Isobutane (GWP 3) is favoured for domestic and light-commercial refrigerators and freezers.

Propylene (GWP 2) is favoured for medium and low temperature systems such as chillers.

Ammonia Refrigerant

Ammonia (R717) also has excellent thermodynamic properties with a GWP of 0. However, it is toxic, mildly flammable and abrasive for materials such as copper and brass.

Therefore, it is unlikely to be used for heat pump and air conditioning systems any time soon.

Man-made Refrigerants

Man-made refrigerants have come a long way since the early days of Freon R12 with GWP of 10,200 and damaging to the ozone layer.

Hydrochlorofluorocarbon (HCFC) refrigerants such as R22 came next with much lower GWP of 1,810. However, HCFC refrigerants also cause damage to the ozone layer.

Hydrofluorocarbon (HFC)

Hydrofluorocarbon (HFC) refrigerants such as R134A and R410A came next, introduced since 1990. They do not harm the ozone layer directly but still have high GWP. In 2012, Daikin launched an improved HFC refrigerant R32 with GWP of 675, a significant improvement. It has excellent thermodynamic properties but is mildly flammable.

Whilst the GWP of R32 is much better than other HFC refrigerants, it is still well above the GWP of natural refrigerants.

Hydrofluoroolefin (HFO)

Hydrofluoroolefin (HFO) refrigerants came next in 2013. The HFO refrigerant R1234YF is now being widely used in automotive air conditioning. The attraction is its very low GWP of 4 compared to 1430 for the HFC refrigerant R134A that it replaces. However, it is mildly flammable and new studies have found that atmospheric degradation of this refrigerant over time creates trifluoroacetic acid (TFA).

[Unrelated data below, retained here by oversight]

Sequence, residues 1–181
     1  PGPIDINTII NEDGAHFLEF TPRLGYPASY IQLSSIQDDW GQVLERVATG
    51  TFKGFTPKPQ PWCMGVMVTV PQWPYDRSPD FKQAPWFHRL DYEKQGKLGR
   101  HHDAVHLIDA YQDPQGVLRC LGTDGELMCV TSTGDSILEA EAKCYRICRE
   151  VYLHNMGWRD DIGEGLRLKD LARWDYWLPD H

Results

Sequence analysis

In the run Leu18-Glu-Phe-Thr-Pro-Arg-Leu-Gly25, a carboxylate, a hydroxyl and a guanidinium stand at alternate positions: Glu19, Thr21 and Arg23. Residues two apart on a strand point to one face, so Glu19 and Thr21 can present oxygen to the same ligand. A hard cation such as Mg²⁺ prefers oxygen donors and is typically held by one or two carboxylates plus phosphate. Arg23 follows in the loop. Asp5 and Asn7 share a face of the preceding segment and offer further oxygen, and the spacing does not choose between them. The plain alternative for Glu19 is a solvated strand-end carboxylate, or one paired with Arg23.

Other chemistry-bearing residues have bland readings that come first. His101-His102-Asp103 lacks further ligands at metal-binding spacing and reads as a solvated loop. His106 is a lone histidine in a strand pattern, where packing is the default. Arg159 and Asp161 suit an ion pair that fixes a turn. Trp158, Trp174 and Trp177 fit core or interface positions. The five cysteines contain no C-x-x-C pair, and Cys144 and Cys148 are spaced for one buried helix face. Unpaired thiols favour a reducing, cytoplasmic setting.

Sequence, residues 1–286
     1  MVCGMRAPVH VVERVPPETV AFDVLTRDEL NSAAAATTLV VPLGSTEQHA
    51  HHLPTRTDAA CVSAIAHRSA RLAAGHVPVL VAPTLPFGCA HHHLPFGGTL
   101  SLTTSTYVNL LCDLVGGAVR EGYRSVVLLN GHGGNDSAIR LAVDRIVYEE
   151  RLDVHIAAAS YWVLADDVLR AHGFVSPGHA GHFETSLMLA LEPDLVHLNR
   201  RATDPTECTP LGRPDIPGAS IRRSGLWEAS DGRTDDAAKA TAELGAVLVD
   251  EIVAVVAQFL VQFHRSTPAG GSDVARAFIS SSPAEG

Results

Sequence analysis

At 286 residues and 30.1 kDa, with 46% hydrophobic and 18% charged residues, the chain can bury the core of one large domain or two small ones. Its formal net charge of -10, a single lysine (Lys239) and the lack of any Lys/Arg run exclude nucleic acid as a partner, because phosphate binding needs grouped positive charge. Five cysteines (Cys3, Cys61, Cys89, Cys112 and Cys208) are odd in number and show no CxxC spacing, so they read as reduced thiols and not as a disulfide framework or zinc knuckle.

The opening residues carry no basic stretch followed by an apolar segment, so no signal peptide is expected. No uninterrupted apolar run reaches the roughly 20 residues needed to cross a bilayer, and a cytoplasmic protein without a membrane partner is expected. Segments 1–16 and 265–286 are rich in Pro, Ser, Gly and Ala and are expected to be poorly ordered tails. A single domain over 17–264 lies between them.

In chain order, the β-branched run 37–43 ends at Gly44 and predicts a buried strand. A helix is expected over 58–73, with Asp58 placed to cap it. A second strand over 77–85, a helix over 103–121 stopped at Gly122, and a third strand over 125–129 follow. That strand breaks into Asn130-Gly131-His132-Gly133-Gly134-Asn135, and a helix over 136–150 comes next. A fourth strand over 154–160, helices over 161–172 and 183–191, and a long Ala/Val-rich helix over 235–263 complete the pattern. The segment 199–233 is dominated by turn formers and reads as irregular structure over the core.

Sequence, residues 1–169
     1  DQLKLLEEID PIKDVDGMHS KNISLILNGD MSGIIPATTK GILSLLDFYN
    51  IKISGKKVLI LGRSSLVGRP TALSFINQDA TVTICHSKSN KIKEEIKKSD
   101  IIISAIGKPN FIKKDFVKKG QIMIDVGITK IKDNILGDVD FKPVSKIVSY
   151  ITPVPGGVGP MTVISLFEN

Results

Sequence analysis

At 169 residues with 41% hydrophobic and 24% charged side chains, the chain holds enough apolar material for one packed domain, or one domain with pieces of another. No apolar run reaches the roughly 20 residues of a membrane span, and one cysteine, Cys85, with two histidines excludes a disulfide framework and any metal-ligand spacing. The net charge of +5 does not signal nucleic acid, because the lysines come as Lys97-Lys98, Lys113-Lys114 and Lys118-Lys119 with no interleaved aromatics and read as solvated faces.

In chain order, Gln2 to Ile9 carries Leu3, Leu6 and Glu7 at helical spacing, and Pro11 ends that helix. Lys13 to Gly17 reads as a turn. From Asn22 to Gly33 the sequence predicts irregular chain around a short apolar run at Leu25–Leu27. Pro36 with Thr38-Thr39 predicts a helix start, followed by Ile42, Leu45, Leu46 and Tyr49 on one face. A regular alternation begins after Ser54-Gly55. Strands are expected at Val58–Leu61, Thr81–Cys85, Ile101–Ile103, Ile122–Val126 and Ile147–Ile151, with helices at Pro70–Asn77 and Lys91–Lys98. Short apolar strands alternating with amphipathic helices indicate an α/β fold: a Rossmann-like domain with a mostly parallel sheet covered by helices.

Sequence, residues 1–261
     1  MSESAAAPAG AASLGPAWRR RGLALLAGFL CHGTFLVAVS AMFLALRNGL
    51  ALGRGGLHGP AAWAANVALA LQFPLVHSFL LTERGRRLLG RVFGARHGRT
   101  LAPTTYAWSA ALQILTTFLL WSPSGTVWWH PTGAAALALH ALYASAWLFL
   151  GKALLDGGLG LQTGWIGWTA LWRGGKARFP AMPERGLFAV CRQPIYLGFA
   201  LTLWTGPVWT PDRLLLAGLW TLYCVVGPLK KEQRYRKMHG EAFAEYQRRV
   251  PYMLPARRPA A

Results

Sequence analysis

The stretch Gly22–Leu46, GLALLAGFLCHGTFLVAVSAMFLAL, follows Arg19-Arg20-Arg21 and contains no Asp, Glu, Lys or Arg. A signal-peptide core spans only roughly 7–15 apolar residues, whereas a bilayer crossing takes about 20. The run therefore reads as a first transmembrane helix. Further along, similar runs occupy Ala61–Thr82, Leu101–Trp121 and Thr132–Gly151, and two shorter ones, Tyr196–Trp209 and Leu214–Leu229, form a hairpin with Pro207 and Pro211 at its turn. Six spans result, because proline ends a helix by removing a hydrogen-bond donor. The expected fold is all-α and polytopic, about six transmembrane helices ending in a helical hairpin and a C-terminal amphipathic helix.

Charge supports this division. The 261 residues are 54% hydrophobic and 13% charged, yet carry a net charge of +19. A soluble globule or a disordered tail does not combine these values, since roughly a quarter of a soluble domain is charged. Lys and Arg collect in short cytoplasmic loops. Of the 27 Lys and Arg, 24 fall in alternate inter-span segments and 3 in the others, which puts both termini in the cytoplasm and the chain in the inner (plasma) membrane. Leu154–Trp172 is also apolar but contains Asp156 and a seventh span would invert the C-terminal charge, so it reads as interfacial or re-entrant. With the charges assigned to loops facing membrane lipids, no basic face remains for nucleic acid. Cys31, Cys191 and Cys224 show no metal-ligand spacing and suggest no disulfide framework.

This acid is highly soluble in water and therefore causes acid rain. Canadian research in the Arctic region has found that widespread adoption of heat pump and air conditioning systems with HFO refrigerants will lead to an increase in TFA acid rain.

Reference: Geophysical Research Letters Volume 47, Issue 10 May 2020

Graph showing the increase of trifluoroacetic acid (TFA) buildup in the arctic.
Trifluoroacetic acid (TFA) buildup in the arctic

Other refrigerants

Other refrigerants being considered for heat pump and air conditioning systems include:

  • R454C (GWP 148), a blend of R1234YF and R32
  • R450A (GWP 605), a blend of R1234YF and R134A
  • R513A (GWP 631), a blend of R1234YF and R134A

New Rules

New rules for charging refrigeration and air conditioning equipment came into force in Australia on 1 January 2020 to support the HFC phase down. Now, you cannot recharge heat pump, air conditioning and refrigeration equipment with a refrigerant of higher GWP than that of the original design.

Reference: Federal Dept. of Climate Change, Energy, the Environment and Water


All heat pump and air conditioning refrigerants have their pros and cons. Due to urgent action needed now to avoid catastrophic climate change, natural and man-made refrigerants with low GWP are becoming essential.

Natural refrigerants are gaining widespread support because of their environmental and performance benefits.

Carbon dioxide is an inflammable refrigerant with negligible GWP, but its physical properties and higher costs limit its use. It is best suited for heat pump water heaters in cold or alpine climates.

Heat pumps using propane also have negligible GWP and are less expensive but their flammability needs to be managed by installing them outside, checking for leaks and locating them away from flammable materials. Propane is best suited for heat pump water heaters and hydronic heat pumps in temperate coastal locations.